As any true PR pro can attest to, ignorance is definitely not bliss in our industry. The best thing we can do for our clients is to make sure that we are knowledgeable on anything and everything going on in the world, whether it’s in regards to the political sphere, the business community or general pop culture. Each morning, I spend anywhere from 30 minutes to an hour catching up on the day’s current events. As a millennial, this means that instead of picking up the daily newspaper, I’m perusing my Twitter feed, reading the daily Daily Skimm e-Newsletter, and scanning through all of the morning shows while eating breakfast. While this may not sound like tough work, I consider this to be one of the most important aspects of my job and an essential component to building successful media strategies and drafting pitches that reporters are actually interested in. At the end of the day, no matter how creative an idea might be, if it’s not timely it likely won’t land your client the homerun media placements we’re always working to secure.
Every election year, while normal people are glued to their TVs waiting to get updates on their candidates, us PR peeps are staring at our calendars counting down the minutes until Election Day. Why? Because elections dominate the news, plain and simple. Last year, while pitching national broadcast media, I managed to get a producer of Morning Joe on the phone. I pitched him my idea, and he responded that while it was a great idea, they had Donald Trump on that morning and said, “to be honest, we likely won’t be covering anything else until the election is over.” Keep in mind that this was in 2015. I’m pretty sure I hung up the phone and rolled my eyes so hard I saw my brain. I thought to myself, how the heck am I supposed to get national coverage for my clients if they aren’t Donald Trump, Hillary Clinton or Bernie Sanders?!
That day, I learned a valuable lesson in the importance of tying pitches to timely events. This is especially true in today’s current political climate. Typically, elections wrap up and the media slows down its coverage of the winning candidate in the months leading up to inauguration day. Sure, they’ll still do a daily story or two on what can be expected or maybe some cabinet selections, but they move on. However, as we all know the 2016 election was far from typical, and we are now experiencing a strange new era of media where CNN spends 45 minutes dissecting the President-elect’s latest Tweet. Whether or not the media should be spending so much time on Trump’s Twitter page when his administration hasn’t even began yet is a LONG conversation we can save for another day, but regardless this is our reality and we have to adjust our strategies accordingly. This is the new normal, and we can’t beat ‘em – we have to join ‘em.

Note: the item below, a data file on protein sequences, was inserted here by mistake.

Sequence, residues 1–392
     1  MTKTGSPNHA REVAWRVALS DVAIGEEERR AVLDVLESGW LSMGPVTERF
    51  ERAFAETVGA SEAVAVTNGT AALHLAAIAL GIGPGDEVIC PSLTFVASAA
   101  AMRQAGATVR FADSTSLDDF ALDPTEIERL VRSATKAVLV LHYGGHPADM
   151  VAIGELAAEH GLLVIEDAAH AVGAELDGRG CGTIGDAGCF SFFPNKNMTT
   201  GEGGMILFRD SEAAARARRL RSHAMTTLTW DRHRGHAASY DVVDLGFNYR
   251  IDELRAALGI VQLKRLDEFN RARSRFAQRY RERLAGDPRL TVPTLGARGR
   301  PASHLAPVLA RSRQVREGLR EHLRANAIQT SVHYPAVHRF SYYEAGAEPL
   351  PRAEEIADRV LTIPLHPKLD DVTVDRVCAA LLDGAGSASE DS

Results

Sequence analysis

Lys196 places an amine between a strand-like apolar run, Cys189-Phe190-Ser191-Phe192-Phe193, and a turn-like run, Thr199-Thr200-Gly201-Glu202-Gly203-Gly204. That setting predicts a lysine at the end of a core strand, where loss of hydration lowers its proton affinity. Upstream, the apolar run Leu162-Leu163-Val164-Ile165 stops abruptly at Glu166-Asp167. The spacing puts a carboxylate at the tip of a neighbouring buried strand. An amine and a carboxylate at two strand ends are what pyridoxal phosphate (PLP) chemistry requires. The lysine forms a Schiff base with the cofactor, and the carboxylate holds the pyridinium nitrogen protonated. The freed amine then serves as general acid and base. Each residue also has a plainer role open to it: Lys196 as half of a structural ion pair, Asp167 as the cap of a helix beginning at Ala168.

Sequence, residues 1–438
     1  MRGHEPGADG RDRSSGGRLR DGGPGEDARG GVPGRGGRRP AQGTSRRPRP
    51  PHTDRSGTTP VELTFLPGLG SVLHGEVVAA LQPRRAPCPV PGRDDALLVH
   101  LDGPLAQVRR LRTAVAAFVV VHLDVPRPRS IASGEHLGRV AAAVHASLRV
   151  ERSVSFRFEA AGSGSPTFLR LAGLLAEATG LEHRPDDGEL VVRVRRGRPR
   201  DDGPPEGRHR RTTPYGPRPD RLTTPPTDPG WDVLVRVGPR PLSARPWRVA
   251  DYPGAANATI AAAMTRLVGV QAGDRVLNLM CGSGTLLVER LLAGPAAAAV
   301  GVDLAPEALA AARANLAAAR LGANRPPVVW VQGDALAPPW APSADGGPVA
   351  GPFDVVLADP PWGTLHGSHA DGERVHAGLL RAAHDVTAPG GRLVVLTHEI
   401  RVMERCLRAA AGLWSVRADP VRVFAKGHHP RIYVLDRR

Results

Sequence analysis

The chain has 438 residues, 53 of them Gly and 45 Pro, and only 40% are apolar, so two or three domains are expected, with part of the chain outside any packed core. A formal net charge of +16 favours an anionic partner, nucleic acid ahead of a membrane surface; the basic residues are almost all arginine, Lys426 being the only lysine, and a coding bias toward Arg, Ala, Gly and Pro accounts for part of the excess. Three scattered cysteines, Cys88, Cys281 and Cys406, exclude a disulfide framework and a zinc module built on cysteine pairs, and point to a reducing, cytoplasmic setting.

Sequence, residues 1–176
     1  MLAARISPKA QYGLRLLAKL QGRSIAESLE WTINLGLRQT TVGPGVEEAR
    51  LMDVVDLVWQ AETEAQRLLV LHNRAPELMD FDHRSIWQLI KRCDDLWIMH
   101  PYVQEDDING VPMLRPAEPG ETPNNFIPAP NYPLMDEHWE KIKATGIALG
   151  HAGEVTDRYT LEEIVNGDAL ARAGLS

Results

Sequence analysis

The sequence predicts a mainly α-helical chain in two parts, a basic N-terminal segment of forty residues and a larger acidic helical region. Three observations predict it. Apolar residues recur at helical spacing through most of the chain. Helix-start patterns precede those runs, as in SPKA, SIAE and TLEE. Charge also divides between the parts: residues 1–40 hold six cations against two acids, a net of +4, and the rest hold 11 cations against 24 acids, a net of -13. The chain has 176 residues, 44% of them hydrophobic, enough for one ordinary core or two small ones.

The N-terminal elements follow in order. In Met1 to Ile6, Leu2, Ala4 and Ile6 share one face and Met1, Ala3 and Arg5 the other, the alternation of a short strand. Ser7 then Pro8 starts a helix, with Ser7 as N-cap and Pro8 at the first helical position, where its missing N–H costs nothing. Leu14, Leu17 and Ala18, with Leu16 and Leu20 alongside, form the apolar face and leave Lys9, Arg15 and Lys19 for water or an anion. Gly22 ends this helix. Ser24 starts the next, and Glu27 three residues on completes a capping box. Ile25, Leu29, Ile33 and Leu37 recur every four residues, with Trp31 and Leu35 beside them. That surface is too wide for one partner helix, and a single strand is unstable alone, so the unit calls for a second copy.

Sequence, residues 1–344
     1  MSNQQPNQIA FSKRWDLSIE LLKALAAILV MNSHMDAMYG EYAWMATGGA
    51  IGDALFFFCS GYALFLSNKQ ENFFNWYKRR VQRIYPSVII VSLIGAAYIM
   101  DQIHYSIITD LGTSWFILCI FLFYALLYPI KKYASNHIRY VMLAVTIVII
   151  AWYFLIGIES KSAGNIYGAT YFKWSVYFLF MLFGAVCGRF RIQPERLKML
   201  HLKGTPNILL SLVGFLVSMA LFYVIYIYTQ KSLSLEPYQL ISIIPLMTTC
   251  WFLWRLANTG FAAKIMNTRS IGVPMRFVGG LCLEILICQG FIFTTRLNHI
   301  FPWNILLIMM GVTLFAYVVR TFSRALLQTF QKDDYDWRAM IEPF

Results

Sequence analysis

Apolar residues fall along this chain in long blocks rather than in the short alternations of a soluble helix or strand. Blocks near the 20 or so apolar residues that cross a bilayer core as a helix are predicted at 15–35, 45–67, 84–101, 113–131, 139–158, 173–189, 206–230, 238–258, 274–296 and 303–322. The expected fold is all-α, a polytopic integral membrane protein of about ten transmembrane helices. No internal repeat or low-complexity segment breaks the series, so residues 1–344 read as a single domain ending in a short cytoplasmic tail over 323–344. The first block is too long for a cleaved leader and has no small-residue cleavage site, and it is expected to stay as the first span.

The easiest way to achieve this is to simply pay attention to what’s going on in the world around us. When Donald Trump appointed Andrew Puzder, the CEO of CKE Restaurants and an IFA board member, as his labor secretary, I immediately tweaked a pitch I’ve been working on and weaved in information about how his appointment will impact the franchising industry. Just adding a few simple sentences elevated my pitch and gave it a strong, timely angle. Similarly, after reading on Bloomberg that McDonald’s was investing heavily in its rollout of kiosk technology, I sent out a pitch linking our client BurgerFi’s use of kiosks to the story, and got them into a recent MarketWatch piece on the importance of implementing technology. If I hadn’t been paying attention to the news, I never would have known about McDonald’s and would have lost my client an excellent placement.
Ultimately, all of our clients have exciting things going on, but when it comes to national media, one innovative product or fantastic offer usually isn’t enough to get a feature piece. It’s our job to take what our clients give us to work with, and weave them into a creative story angle that reporters will actually be interested in covering. While identifying industry trends and timely current events can be like finding a needle in a haystack, once we do find the perfect fit for our clients, we have all the tools we need to spin it into PR gold. The first step in achieving this will always be staying in the know and remembering that when it comes to the world of PR, ignorance is not bliss.